It is only by sharply distinguishing itself from the ruling Party that the Party in opposition can hope to gain from what is increasingly appearing to be an inevitable, looming interest by the electorate to put into the majority a Party that can take the nation in a new direction and begin the long, painful process of repairing the financial, ethical, and statutory damage done by the Party currently in the majority in both Houses of Congress.
In plain English, it boils down to this sequence. If the nomination of Samuel Alito comes to the full Senate, and if it looks like the Republican leadership has the votes to confirm him, the Democrats should filibuster. If the Republicans pull out their "nuclear option" and end the right of filibuster on Executive Branch nominations to the judiciary, then the Democrats should all walk out, save for one Senator who demands that a quorum be proved instead of being merely assumed by the Majority Leadership. Any Democrat who doesn't honor the denial of quorum walk-out gets kicked out of the Party and forced either to go Independent or to join the Republicans. It doesn't matter how powerful that Democrat is; as soon as he's no longer a Democrat, hang around his neck the label "Republican," and make everyone in America know that this is just another one of the fiscally reckless, ethically bankrupt members of the GOP who couldn't keep a federal budget balanced, who couldn't keep terrorists from knocking down our buildings, and who couldn't resist lying through their teeth to the American people so they could start a useless, savage, endless war for the benefit of pumping federal money by the hundreds of billions of dollars into the pockets of their corporate cronies.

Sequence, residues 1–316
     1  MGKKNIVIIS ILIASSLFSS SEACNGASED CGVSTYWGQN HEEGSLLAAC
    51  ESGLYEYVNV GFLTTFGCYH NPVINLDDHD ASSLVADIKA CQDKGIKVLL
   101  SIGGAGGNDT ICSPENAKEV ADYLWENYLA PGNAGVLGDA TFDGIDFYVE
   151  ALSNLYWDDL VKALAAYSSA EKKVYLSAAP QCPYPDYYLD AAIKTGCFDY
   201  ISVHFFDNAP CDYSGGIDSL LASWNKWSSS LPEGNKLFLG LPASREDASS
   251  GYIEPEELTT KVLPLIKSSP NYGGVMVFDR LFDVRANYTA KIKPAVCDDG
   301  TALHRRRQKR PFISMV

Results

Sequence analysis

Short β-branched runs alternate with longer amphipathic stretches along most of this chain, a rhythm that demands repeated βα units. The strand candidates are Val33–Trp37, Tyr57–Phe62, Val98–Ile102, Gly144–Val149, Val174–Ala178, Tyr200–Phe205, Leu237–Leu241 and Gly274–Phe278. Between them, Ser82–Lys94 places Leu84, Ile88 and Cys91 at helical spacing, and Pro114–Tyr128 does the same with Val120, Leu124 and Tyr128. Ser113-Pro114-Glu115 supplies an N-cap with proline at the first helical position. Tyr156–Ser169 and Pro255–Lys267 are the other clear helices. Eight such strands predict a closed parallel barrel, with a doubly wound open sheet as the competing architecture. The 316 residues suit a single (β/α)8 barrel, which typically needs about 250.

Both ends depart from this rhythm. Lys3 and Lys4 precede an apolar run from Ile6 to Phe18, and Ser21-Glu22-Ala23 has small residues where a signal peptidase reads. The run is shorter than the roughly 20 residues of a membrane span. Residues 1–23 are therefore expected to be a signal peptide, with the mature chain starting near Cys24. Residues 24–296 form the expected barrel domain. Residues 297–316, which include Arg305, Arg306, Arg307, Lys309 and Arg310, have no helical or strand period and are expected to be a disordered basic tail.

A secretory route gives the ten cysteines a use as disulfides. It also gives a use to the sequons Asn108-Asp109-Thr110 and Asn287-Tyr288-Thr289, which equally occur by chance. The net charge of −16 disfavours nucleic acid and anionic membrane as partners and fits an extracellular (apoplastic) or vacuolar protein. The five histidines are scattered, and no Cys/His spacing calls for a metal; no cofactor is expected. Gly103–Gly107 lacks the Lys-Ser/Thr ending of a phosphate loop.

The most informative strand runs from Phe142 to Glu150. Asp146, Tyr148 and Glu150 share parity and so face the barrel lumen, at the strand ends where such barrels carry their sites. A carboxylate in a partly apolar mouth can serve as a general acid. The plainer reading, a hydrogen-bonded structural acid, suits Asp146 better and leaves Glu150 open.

In other words, let the loss for the Democrats of this Supreme Court nomination fight be the training ground where they not only learn how to fight like they want the country back, but where they also learn how to kill their own weaklings to get it back.
The Dark Wraith has spoken.